The film is also almost correct in that banks create money at the point of a loan being made. But in fact, the bank creates bank credit, and the difference is crucial. To understand why this is not a free lunch for the bank, here is an example scenario, based on the one in the film. We need to look at the balance sheet of the bank, showing its assets (what it owns) and its liabilities (what it owes).
Industrial Bank of Somewhereia (IBoS) has been created. It currently has no customers. But it has 100,000 shillings deposited at the central bank, the Bank of Somewhereia (BoS). Where that deposit came from will be the subject of a later post.
Here is the bank's balance sheet:
|Deposit at BoS||100,000||Money owed to bank owners||100,000|
The bank's first customer, Mr Smith, arrives. He wants to buy a car, so he can travel to work to earn a living. He signs a promissory note – a legally-binding document which states that he will pay back 10,000 shillings plus 5% annual interest over a period of 5 years. In return, the bank creates a deposit of 10,000 shillings in Mr Smith's bank account. Now the balance sheet looks like this:
|Deposit at BoS||100,000||Money owed to bank owners||100,000|
|Promissory note (Mr Smith)||10,000||Deposit (Mr Smith)||10,000|
Mr Smith can now buy his new car. Suppose he writes a cheque to the current owner, Mrs Jones. Also, assume that she banks with a different bank – Agricultural Bank of Somewhereia (ABoS).
As we have seen earlier, writing a cheque to someone who banks with a different bank requires a transfer of money to the other bank's account. So now the balance sheet of IBoS looks like this:
|Deposit at BoS||90,000||Money owed to bank owners||100,000|
|Promissory note (Mr Smith)||10,000|
After Mrs Jones pays Mr Smith's cheque into her ABoS bank account, and the cheque is processed through the cheque clearing system, the owners of IBoS no longer have 10,000 of their original 100,000 shillings in the BoS. By creating bank credit for Mr Smith, it obliges them to transfer money at Mr Smith's request. They are now entirely reliant upon Mr Smith to pay them money in order to get their 10,000 shillings back. If Mr Smith wrecks his car and then declares bankruptcy, the bank owners will have lost 10% of their money invested in the bank — the loan asset has to be "written off" (removed from the balance sheet), and the "Money owed to bank owners" would have to be reduced to 90,000 shillings.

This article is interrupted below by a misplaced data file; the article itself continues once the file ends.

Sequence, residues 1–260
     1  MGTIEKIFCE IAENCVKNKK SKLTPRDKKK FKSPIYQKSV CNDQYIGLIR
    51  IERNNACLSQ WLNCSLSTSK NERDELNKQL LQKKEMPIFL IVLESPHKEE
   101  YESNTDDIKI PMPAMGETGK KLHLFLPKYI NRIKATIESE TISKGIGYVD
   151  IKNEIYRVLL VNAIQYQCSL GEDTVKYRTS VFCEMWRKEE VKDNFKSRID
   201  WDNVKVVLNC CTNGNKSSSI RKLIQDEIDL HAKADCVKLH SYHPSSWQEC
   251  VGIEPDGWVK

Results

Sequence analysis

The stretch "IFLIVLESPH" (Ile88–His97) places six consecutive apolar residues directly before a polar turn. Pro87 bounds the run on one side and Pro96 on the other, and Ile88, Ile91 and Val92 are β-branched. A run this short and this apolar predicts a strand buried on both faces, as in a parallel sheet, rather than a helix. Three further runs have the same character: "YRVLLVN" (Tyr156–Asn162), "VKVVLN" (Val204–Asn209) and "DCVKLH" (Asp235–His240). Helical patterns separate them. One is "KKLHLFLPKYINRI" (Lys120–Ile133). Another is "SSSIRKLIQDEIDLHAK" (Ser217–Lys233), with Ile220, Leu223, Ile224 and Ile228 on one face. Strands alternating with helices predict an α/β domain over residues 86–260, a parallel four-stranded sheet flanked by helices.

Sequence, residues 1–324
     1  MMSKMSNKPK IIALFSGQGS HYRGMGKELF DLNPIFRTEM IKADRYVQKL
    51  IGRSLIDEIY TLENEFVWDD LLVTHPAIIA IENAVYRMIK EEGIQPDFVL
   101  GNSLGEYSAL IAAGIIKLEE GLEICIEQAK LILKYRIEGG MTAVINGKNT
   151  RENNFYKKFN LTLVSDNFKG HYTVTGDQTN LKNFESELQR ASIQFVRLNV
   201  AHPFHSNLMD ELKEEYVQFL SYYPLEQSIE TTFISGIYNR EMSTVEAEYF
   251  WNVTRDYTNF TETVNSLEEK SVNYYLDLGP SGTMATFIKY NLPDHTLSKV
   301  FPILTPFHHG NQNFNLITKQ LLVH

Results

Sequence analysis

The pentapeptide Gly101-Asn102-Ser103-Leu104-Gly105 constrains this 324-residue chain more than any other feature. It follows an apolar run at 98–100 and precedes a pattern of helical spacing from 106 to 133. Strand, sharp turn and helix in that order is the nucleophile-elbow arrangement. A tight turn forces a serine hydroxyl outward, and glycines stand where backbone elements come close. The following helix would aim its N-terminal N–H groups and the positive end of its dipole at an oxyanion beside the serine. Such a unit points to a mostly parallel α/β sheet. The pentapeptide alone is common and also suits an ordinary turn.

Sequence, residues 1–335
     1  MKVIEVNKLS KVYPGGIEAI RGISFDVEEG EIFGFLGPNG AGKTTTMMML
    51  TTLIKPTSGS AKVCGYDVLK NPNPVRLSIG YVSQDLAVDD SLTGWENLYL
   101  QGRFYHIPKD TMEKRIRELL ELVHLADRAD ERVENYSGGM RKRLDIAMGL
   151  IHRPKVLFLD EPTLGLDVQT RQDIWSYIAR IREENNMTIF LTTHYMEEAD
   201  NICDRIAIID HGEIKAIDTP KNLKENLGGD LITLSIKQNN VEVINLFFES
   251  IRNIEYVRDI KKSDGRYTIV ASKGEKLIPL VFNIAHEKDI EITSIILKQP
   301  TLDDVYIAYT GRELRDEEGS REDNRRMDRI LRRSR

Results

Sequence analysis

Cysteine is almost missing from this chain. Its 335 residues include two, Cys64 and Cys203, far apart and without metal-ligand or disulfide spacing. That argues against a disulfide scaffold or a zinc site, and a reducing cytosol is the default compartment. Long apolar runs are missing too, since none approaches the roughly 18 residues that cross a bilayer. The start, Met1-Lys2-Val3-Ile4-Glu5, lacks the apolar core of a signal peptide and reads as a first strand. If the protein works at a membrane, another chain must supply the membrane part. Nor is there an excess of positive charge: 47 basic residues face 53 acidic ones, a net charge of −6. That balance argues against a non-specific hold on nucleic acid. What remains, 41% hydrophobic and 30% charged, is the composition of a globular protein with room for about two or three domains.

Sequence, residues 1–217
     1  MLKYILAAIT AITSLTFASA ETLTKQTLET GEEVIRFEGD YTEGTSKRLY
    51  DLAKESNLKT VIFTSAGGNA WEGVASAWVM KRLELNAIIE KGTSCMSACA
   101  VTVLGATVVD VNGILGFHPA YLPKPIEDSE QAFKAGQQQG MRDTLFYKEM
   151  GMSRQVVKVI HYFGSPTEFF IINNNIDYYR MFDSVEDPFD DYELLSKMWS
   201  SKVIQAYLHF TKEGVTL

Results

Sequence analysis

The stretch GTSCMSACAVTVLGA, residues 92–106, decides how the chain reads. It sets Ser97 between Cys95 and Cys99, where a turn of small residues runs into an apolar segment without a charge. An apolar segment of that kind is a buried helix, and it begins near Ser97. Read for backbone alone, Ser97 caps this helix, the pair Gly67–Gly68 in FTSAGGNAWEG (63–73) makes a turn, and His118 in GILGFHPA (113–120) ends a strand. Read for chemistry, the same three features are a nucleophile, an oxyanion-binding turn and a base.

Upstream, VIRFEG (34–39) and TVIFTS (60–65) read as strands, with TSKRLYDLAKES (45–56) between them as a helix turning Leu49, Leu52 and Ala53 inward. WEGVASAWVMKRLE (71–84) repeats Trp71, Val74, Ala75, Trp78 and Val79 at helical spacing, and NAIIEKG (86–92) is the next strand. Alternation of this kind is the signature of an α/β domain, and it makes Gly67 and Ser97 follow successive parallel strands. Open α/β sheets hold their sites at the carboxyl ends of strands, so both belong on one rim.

As the film points out, it is very easy for IBoS to store an entry in a computer saying that Mr Smith now has a deposit of 10,000 shillings of bank credit. They seem to be getting something for nothing. But what we see above is that the film omits to mention what that entry actually means, namely that it obliges the bank to transfer money at Mr Smith's request.
New bank credit is created all the time by banks in the private sector in return for a promise by the borrower to repay. This bank credit can be converted to cash or can be transferred directly to another bank account using a cheque, debit card or a direct bank transfer. Creating the bank credit for a customer is giving that customer the right to withdraw or transfer money, so it is not a free lunch for the bank. Unless the borrower repays the loan in full, the bank (and therefore its owners) will lose money.
The effect of interest, and whether it requires continual exponential growth in the economy (quick summary – it doesn't) will be discussed in a future post.